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Book Review

Book Cover

The Brahan Seer
The Story of Scotland's Nostradamus


Author: Douglas Thompson
Publisher: Acair Books
RRP: £9.99
ISBN: 978 0 86152 562 1
Publication Date: 18 August 2014

The life and prophecies of Coinneach Odhar are hidden behind a veil of oral tradition and conflicting historical fact. In Scotland he is as famous as Nostradamus for predicting both technological advances and calamitous events. In an effort to make some sense of the tradition, Douglas Thompson has written The Brahan Seer (2014. 164 pages).

The book sits somewhere between an academic retelling of the story and a narrative reinterpretation. The style will feel a little odd as Thompson has retain much of the feeling of an oral history, therefore much that would be present in a novel is absent. Less time is spent on Odhar's thoughts and feelings and character development is almost wholly missing, but then this is the way of the modem novel, which itself only really dates back to the nineteenth century and not very conducive for conveying the nuances of an oral tradition. For this reason some of the book is a little heavy going with many sentences starting with a directive of what is happening (he says, he sits) which at times can make the story feel a little akin to a list, rather than a story.

Thompson, in the Afterword is up front about making slight alterations to try and reconcile some of the historical mismatches, where prophecies attributed to Odhar may well have come from two separate people, living one hundred years apart. Odhar purist may balk at this, but then this is Thompson’s interpretation and with so little hard historical fact to back it up, Thompson is as justified as any other writer in taking this course.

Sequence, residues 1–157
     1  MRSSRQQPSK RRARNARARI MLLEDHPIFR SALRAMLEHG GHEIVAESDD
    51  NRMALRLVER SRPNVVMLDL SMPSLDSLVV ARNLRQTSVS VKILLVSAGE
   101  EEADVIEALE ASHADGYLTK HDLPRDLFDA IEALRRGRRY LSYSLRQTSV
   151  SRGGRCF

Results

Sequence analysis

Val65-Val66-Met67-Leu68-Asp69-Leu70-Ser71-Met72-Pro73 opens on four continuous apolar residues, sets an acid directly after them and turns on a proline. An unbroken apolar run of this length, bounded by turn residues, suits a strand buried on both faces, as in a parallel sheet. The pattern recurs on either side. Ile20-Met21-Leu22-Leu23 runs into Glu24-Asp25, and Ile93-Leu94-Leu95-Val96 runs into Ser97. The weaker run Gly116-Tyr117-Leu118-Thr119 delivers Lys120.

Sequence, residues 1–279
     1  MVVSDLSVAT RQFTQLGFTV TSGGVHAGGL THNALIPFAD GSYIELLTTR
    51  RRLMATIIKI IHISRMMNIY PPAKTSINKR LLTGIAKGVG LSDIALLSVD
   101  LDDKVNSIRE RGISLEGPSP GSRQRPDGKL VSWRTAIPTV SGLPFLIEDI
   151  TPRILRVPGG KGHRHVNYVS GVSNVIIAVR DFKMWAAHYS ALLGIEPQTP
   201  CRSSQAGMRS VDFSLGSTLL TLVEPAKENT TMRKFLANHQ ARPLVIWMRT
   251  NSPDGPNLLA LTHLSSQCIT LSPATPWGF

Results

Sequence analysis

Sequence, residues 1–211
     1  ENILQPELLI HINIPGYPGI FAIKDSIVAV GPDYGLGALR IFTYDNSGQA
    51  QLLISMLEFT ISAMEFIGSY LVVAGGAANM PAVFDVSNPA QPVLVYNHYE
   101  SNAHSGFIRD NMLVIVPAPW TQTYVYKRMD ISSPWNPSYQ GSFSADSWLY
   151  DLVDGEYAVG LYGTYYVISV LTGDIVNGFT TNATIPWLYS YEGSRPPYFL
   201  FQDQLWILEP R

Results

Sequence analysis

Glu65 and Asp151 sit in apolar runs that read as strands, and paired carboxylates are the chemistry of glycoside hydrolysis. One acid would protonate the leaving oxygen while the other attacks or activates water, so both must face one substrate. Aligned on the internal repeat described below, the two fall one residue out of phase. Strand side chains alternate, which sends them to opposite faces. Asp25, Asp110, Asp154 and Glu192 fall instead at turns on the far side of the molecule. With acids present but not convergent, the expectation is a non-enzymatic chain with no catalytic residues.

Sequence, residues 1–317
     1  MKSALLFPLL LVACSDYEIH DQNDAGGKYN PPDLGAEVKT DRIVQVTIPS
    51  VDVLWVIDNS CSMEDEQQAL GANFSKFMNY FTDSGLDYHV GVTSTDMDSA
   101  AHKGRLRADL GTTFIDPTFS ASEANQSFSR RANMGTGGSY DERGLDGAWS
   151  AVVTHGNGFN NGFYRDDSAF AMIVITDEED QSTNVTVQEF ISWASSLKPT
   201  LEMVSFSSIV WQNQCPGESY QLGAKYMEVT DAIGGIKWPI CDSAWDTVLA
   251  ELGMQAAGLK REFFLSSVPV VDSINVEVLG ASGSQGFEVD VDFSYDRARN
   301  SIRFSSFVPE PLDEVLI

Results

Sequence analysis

The book works best as a jumping off point to pique the reader interest in a subject that few outside Scotland would be aware of. The story is certainly interesting enough that I started to look on line for references to the character. Thompson also, in the Afterword gives a few good pointers on where to start looking for Odhar.

Margaret Elphinstone, novelist and Emeritus Professor at the University of Strathclyde, provides the book with its Forward, wherein she waxes lyrical about the character, with a passion approaching the one displayed by Thompson.

Even though the style may feel a little unusual, once you get into the story it starts to become compelling and ends up as a satisfying read and a story to fire the imagination and further research.


Charles Packer

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